Buying a house with tenants

04/01/2018
Landlords might be drawn to buying a house with tenants already in residence with the instant rental income and no letting agent 'finder fee'. What is often forgotten about are the potential risks and the degree of uncertainty of taking on another landlord's tenant such as:

  • Are the tenants good payers?
  • Have there been any disputes?
  • What reference/background checks did the landlord do?
  • Was the tenant's deposit registered with a DPS?
  • Or confusion over condition of the property on sign-out compared to sign-in

This is why some landlords choose to start with a clean slate and buy the property with no tenants; enabling them thoroughly inspect the property, understand its condition and choose their own new tenant. If this is your preferred choice then it is important to read this article - What to do when your tenant won't leave.

There is also some confusion over buying a property resident tenants or with sitting tenants. The two are very different and there are rights that sitting tenants have such as rent rise and eviction protection. You can read more about What is a sitting tenant?

*Fixed Fee – No Sale No Fee – On all Mortgage Lender Panels

Fixed Fee, No Sale No Fee and Unbeatable Value Solicitors.

 

5 things you MUST do when buying a house with tenants


1. Check the tenants payment history

It is every landlords nightmare to have a property which they aren't being paid for, so it is important to find out if your new tenants have missed or been late paying their rent. Speak to the landlord or letting agent to find this out.

2. Are there any on-going or historical disputes?

You need to understand if there are any issues that haven't been resolved between the tenant and the existing landlord. Issues such as maintenance in the property, broken equipment or even defects such as damp need to be brought to your attention so you can gauge what needs to be done.

You may find that you have tenants who have unrealistic expectations of what is maintained by the landlord. The best way to address this concern is to talk separately with the tenants and the landlord.

3. Know your tenant

The checks you do for a tenant in 'situ' and a new tenant don't differ so you should ask for:
  • length of time living at property (longer than a year would indicate a tenant who has renewed their AST at least once)
  • a copy of the AST - best practice is to get the tenant onto a new agreement directly with you under the same term length and rent
  • references from previous landlords
  • identification (you need to know the tenant on the AST is the same as the tenant living in the property)
  • last 3 month's pay slips
  • (if applicable) rent guarantor details

4. Deposit Protection Scheme

It is a landlord's legal obligation to both register a tenant's deposit at a Deposit Protection Scheme (DPS) and to also provide the requisite DPS documentation to the tenant so they are aware where their deposit is and how to reclaim it. Getting either of these wrong could leave the landlord being faced with a court case and a penalty of up to 3 times the deposit value.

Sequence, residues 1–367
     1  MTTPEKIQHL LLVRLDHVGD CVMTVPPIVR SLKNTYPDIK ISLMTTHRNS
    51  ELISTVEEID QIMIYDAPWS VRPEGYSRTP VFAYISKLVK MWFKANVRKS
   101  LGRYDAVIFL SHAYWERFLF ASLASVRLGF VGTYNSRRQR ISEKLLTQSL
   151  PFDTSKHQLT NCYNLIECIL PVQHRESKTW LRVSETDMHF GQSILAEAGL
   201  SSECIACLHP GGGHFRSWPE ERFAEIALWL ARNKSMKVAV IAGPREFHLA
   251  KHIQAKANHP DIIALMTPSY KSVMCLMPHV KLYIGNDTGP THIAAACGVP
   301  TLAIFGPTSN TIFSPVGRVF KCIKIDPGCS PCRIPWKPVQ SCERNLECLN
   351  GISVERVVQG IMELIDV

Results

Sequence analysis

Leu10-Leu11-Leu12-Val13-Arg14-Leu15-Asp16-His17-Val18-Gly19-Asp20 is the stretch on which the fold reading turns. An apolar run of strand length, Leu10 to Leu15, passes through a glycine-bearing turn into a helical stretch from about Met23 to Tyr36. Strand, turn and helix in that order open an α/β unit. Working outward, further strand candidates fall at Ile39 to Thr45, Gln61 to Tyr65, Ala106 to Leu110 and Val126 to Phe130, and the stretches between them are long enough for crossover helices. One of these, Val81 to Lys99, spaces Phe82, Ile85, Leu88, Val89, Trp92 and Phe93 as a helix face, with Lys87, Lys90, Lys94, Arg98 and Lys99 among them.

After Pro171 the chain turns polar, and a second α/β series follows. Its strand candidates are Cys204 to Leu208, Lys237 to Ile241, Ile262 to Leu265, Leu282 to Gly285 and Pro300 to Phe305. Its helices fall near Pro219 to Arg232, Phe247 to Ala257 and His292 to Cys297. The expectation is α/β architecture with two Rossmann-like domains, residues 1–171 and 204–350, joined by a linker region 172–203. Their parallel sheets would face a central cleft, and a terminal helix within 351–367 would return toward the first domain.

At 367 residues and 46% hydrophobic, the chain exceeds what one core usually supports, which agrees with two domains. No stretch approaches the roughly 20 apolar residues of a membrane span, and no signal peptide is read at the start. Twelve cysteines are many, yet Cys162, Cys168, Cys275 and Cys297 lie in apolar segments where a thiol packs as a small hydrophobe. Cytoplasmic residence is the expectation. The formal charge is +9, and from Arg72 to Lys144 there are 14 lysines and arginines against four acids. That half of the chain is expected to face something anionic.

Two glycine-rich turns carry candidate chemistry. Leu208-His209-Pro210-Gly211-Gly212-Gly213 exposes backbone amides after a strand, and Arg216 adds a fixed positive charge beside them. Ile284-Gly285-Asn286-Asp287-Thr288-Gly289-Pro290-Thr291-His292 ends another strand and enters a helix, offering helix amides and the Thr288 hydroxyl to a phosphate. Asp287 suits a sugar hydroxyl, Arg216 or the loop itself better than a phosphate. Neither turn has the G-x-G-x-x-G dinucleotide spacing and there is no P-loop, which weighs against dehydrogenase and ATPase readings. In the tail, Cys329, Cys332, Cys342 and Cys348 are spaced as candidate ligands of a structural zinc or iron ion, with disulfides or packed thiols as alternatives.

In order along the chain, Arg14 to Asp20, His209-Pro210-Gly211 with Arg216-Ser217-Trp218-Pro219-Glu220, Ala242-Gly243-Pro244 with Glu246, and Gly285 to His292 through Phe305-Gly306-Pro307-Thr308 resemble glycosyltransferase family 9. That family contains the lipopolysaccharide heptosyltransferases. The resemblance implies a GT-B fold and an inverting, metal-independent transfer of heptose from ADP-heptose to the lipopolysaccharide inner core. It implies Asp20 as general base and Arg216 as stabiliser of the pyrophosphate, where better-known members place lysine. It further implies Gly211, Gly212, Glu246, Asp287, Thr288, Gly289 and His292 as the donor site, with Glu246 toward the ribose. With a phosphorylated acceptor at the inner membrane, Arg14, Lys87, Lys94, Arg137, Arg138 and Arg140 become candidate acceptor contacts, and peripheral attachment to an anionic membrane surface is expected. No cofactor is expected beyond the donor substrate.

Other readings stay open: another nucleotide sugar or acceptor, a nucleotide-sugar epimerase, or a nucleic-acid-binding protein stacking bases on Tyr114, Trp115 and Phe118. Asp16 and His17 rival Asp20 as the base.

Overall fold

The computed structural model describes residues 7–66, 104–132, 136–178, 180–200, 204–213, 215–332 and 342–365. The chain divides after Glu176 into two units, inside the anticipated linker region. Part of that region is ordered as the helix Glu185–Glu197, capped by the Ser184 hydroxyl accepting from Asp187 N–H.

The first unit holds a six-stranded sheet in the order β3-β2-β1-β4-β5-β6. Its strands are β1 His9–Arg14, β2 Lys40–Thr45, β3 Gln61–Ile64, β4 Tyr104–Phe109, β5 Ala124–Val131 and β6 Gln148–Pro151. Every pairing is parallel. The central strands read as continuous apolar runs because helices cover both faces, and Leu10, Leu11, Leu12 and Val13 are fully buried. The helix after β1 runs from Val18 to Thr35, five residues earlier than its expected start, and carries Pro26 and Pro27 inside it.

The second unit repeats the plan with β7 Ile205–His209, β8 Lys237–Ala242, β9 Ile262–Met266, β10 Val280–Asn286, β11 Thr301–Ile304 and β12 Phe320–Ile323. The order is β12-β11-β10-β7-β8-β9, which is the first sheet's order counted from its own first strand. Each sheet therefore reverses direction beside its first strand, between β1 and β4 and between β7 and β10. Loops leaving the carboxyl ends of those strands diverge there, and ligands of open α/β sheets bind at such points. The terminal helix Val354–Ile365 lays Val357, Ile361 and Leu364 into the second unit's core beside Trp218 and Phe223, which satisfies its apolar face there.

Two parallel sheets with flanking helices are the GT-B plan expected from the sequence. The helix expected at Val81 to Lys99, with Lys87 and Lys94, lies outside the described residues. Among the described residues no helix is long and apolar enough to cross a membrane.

You must make sure the tenant deposit is returned by the existing landlord to the tenant or transferred from the current DPS to your DPS. Once you receive the deposit or register it, you must ensure you provide the prescribed information to the tenant (even if it is in the same scheme).

5. Condition of property

To avoid any confusion (and identify issues such as damp) you should agree with the existing landlord to inspect the property as if the tenant were moving out. Ignoring standard wear and tear, you should agree the condition of the property with the exiting tenant and landlord at the point you are about to take ownership. This protects you in the future from any disputes over condition or damage caused by the tenant after you buy the property.

These sign-in and sign-out checks should always be done using an independent inventory clerk who logs the condition of the property at a given time and then can reassess any changes in the future. The inventory clerk includes pictures so that disputes that do to court can be more readily handled. A mistake to make is to think your own photos are adequate enough - sadly the photos need to be evidenced, dated and signed-off by both tenant and landlord.

Make sure to get the existing landlord and tenant to agree the current condition, and for the landlord to then agree to release the deposit to the tenant. You don't want to get caught in the middle of a landlord and tenant claim over damages as these can drag on for months.


Treat a resident tenant as a new tenant

Getting rent in quickly means for less losses, however getting a tenant with a bad track record could be even more costly. For the landlord that is selling they'll have passed on to you their problem and, as long as their were no misrepresentations, then you'll have no recourse over the seller should anything bad happen with your new tenant.

The best advice when buying a property with a tenant is to treat them as if they are a new tenant and do all the checks you normally would. Assuming the tenant is a good tenant exposes you to needless uncertainty in the future.

If you are buying a house with a tenant in residence then call us for more help on 0333 344 3234


*Fixed Fee – No Sale No Fee – On all Mortgage Lender Panels


Related News Articles

 
Buy to Let advice - The things you must know
29/11/2017
The Eviction Process for Tenants
08/01/2018
new-conveyancing-process.png

Log in to your FREE online Conveyancing Process

Complete your to-do lists, save your progress, watch our videos and follow our tips to lead you through from instructing your solicitor to when you finally move in. Our simple, easy to use process has already helped over 2,857 people move home in 2017 and it is FREE to use.